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2015 Chrysler 200: First Drive Review


You know that one pivotal moment in life? It might be the birth of a child, buying your first home or meeting your future spouse. Whatever this pivotal moment is, it’s a life-changing one.

Cars are no different. The introduction of the most recent Kia Optima, for example, led to a big boost in sales for the company, while Corvette models forever changed Chevrolet and the 2003 Range Rover catapulted Land Rover directly into the forefront of the luxury market.

New and Improved?

The 2015 Chrysler 200 is Chrysler’s pivotal moment. It’s their Sammy-joins-Van-Halen, Dylan-goes-electric, Rachel-marries-Ross moment.

Why? Because the 200 is so good that it will forever change the way you think of Chrysler and will have you questioning the features, prominence and performance of every other midsized sedan on the road, even the Kia Optima.

It’s not that Chrysler invented something all new; they didn’t. On paper, it’s just another sedan.

Tough Competition

But Chrysler knows what they have is good. They’re so confident about this new 200 that they invited automotive writers from across the U.S. to drive it and even provided competing vehicles to really make the point stick.

And we’re not talking distant competitors or straw-man arguments: We’re talking big names like Camry, Accord, Altima and Fusion, cars that are the popular equivalent to the starting lineup on your high-school football team. Everyone knows them, and everyone likes them.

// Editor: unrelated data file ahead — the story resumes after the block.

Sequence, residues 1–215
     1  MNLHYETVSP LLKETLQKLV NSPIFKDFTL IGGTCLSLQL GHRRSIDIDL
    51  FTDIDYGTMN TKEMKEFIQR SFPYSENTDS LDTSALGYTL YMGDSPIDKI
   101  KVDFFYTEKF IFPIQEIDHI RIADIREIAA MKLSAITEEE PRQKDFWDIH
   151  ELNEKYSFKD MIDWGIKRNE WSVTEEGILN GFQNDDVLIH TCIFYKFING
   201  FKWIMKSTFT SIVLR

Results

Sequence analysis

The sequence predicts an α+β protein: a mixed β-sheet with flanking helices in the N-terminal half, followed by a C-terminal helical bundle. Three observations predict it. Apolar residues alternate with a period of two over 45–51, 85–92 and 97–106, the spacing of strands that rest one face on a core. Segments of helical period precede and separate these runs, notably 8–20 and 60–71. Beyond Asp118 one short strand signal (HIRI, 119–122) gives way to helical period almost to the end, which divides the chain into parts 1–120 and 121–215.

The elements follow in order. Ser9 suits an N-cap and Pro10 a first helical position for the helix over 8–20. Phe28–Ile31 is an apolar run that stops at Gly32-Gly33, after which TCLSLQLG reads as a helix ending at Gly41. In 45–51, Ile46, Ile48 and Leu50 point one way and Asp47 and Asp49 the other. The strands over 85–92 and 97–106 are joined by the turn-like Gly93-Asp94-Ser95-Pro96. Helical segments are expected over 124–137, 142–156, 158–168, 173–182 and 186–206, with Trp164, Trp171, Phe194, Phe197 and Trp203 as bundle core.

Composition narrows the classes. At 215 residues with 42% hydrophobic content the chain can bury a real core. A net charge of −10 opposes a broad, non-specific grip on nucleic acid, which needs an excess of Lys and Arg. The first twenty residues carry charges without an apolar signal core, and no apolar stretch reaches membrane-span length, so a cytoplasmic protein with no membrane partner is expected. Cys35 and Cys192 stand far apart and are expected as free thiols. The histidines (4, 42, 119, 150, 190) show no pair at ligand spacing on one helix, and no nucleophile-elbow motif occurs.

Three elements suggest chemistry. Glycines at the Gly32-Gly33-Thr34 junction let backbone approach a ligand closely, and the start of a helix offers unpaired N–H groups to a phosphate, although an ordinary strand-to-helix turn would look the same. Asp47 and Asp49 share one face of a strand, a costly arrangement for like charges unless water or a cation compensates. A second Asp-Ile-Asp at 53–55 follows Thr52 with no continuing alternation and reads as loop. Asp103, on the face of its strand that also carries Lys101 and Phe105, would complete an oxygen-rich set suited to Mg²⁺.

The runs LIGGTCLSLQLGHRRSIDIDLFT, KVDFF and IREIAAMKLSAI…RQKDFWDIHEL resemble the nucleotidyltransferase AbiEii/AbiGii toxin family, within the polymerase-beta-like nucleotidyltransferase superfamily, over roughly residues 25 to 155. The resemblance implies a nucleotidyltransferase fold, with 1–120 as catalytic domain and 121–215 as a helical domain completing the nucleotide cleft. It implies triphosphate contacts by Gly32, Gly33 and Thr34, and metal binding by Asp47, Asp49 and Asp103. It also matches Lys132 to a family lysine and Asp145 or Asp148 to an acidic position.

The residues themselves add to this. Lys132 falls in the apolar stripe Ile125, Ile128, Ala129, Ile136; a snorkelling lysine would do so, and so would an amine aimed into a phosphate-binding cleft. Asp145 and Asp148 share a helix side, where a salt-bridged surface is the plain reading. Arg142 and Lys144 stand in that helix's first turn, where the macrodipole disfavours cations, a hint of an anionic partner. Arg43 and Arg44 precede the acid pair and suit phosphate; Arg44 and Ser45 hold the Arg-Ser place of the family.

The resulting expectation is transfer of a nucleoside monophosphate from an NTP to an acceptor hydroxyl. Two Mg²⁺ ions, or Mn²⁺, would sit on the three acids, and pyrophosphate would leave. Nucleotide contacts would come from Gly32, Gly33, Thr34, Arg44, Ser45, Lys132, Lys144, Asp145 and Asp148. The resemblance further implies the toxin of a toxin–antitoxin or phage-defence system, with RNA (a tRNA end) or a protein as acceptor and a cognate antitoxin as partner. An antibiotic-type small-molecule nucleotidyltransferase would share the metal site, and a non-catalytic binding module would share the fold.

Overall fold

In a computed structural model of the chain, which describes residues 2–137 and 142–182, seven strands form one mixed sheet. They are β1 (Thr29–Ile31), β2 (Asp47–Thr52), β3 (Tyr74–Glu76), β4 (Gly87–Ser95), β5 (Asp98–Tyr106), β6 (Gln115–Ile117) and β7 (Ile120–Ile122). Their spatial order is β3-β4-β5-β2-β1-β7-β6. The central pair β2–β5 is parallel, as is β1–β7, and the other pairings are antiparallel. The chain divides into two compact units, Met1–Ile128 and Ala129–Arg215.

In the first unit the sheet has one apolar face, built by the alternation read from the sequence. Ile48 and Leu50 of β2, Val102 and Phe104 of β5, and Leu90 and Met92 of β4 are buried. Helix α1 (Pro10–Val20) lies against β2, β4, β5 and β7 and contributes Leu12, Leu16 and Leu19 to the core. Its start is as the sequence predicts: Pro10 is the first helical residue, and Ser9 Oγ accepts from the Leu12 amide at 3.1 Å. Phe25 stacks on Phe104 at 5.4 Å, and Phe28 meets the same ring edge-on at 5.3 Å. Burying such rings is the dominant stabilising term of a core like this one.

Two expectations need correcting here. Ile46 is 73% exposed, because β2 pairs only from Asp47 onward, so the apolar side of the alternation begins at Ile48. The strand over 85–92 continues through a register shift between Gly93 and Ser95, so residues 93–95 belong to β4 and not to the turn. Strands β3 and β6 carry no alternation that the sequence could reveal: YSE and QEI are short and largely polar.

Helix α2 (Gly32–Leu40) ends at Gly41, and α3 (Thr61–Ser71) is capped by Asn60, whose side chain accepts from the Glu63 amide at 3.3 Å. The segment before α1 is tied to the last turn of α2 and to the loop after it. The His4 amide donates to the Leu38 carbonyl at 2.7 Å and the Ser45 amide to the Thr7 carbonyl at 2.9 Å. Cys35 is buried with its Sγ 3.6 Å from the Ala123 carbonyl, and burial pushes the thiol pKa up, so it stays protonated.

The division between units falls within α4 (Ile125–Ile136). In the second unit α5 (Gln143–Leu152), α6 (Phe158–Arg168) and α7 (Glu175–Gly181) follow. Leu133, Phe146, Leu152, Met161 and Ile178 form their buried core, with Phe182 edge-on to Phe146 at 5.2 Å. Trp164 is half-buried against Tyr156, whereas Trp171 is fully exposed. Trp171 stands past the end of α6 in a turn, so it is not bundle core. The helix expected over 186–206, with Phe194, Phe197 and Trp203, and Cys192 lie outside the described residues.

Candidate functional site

Not only does the 200 hold its own with the cool kids, it’s actually better than a few of those big-name sedans. We have to admit that the Ford Fusion is a very good car; no matter how you slice it, the Fusion just plain gets it right. And yet the Chrysler 200 is right there with it: same quiet ride, high-end interior and tons of cool options.

Plus, if there’s a better in-car information system than Chrysler’s Uconnect, we haven’t found it. It takes SYNC’s simplicity to a new level, adopts Cadillac’s CUE wow factor, then adds speed, ease of use, large icons and a huge screen. Uconnect in the Chrysler 200 is just as enjoyable to use as it is in the Dodge Dart and Jeep Cherokee.

The one bummer for some: There’s no more 200 convertible. The Chrysler 200 is exclusively a sedan now.

On the Road

What’s not a bummer is how the 200 feels on the road. Power from the 295-horsepower, 3.6-liter V6 is more than adequate. Thanks to a 9-speed automatic transmission, the 200 feels very quick, both from a stop and when passing at highway speeds.

Handling is also very good. Similar to the Ford Fusion and Lincoln MKZ, the 200 nicely balances quick steering and sharp cornering with a highway ride that feels luxurious.